Tuesday, July 03, 2012

The Navy's Solyndra

We are back, again, to the Navy's Great Green Folly.
In its tanks, the USNS Henry J. Kaiser carried nearly 900,000 gallons of biofuel blended with petroleum to power the cruisers, destroyers and fighter jets of what the Navy has taken to calling the "Great Green Fleet," the first carrier strike group to be powered largely by alternative fuels.

Conventionally powered ships and aircraft in the strike group will burn the blend in an operational setting for the first time this month during the 22-nation Rim of the Pacific exercise, the largest annual international maritime warfare maneuvers. The six-week exercise began on Friday.

The Pentagon hopes it can prove the Navy looks as impressive burning fuel squeezed from seeds, algae and chicken fat as it does using petroleum.

But the demonstration, years in the making, may be a Pyrrhic victory.

Some Republican lawmakers have seized on the fuel's $26-a-gallon price, compared to $3.60 for conventional fuel. They paint the program as a waste of precious funds at a time when the U.S. government's budget remains severely strained, the Pentagon is facing cuts and energy companies are finding big quantities of oil and gas in the United States.
Green? How is that track record over the last few years? What was Solyndra? In many ways - just a well meaning political agenda based case of socialist industrial planning - one with the expected results.

What is a folly?
noun, plural fol·lies for 2–6.
3. a costly and foolish undertaking; unwise investment or expenditure.
4.Architecture . a whimsical or extravagant structure built to serve as a conversation piece, lend interest to a view, commemorate a person or event, etc.: found especially in England in the 18th century.
Back in December when, sadly, I had a pivot from the SECNAV, I stated the following,
It has become a vanity project, tone-deaf to the financial crunch that the actual operational side of the military is under. It just jumped the cost-benefit shark.
This is more and more a vanity project, going beyond a good and useful experiment.

I like ideas, projects, and tests - but in a headwind of reality, the SECNAV pushes on like some 1930s era Soviet Industrial Policy Commissar.
"The reason we're doing this is that we simply buy too many fossil fuels from either actually or potentially volatile places on earth," Mabus told a conference on climate and security last month.

He says the Pentagon can use its buying muscle - it is the largest single consumer of petroleum in the world - to guarantee the demand needed for biofuel businesses to produce at a scale that will eventually drive down costs.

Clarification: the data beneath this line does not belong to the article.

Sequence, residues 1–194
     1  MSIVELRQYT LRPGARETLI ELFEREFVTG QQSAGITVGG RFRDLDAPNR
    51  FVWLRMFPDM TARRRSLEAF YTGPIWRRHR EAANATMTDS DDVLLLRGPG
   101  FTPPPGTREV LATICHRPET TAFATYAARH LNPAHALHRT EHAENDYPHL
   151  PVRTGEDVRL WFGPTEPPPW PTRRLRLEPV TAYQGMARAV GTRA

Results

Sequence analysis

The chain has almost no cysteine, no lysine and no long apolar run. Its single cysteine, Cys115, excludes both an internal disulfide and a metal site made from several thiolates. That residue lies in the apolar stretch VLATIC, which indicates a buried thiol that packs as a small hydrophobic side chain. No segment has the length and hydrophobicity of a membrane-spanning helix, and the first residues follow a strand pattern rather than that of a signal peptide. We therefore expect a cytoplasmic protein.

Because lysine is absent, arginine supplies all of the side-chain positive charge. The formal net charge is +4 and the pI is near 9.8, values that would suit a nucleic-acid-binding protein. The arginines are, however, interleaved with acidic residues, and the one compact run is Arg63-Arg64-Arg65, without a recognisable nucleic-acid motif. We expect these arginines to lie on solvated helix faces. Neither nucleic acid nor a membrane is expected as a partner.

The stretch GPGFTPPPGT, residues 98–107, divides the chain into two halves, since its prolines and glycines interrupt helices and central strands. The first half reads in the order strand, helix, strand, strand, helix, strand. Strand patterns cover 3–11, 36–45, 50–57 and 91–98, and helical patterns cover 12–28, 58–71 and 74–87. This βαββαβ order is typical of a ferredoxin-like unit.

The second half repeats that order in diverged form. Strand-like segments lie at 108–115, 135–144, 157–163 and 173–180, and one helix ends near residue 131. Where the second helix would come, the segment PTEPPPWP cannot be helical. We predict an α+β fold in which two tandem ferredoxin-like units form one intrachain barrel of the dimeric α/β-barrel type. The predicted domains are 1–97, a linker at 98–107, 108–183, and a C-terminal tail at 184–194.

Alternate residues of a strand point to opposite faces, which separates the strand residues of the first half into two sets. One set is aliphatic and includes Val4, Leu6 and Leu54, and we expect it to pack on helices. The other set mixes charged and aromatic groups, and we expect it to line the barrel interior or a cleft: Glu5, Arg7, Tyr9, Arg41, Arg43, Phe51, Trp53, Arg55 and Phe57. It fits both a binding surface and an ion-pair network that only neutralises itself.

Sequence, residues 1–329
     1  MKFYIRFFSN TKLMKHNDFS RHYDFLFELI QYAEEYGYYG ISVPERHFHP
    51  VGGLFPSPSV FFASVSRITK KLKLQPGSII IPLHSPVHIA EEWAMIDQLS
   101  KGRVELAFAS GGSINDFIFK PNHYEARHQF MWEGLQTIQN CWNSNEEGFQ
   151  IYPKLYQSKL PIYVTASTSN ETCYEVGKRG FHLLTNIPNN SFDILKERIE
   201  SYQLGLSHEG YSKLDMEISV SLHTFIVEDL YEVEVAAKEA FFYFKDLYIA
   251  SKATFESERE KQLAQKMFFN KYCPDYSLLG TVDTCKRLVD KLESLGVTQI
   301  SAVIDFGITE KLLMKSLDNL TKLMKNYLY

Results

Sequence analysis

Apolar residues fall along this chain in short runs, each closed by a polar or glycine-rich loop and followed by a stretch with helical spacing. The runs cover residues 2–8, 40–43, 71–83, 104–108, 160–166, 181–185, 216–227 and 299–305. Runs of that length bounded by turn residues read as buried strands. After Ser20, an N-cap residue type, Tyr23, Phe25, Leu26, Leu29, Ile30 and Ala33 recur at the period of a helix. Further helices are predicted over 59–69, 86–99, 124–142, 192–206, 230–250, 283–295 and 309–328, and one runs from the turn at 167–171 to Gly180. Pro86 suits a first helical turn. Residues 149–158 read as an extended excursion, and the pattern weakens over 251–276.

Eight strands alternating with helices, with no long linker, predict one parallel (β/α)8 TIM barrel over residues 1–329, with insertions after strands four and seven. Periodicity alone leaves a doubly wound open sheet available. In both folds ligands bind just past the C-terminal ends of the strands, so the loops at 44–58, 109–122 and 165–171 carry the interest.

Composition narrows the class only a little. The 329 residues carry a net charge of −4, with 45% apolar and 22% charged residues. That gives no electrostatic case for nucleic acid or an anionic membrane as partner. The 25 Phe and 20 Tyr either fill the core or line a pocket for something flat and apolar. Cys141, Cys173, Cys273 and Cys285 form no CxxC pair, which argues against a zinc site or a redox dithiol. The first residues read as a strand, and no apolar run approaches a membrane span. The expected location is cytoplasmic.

"We use 2 percent of all the fossil fuels that the United States uses," Mabus told the conference. "And one of the things that this means is that we can bring the market. And to paraphrase the old 'Field of Dreams' line, if the Navy comes, they will build it."
There you go. This is about Commissar Mabus wanting to make the biofuels industry on the backs of an already limited Navy budget that can't even properly fund maintenance of existing ships.

Good idea? Sure - but this is the Navy, not a place for your unsustainable personal projects. The road to insolvency is paved with good ideas that become follies.

Like many of his generation's policies now that they have a firm grip on power - they are stuck in their salad days of the 1970s.

As described by in National Interest by NDU's Paul D. Miller;
But the Middle East’s comparative advantage in energy production and the world’s need for oil both peaked around 1974, and both have been in long-term decline ever since. In reaction to the oil embargoes and disruptions of 1974 and 1979, the Western world embarked on a generational and largely successful effort at energy conservation. The United States’ energy intensity—a measure of how much energy is used per dollar of GDP—has been cut in half since 1973, falling from 15,400 BTUs per dollar to 7,470 in 2010, according to the U.S. Energy Information Administration. This unheralded success means that because of advances in efficiency and conservation practices, the world economy is less dependent on all forms of energy, oil included, than previously.
Even under the inflated numbers, the Middle East accounts for only 46 percent of remaining reserves of oil and liquid natural gas ultimately recoverable with conventional means, according to the IEA.

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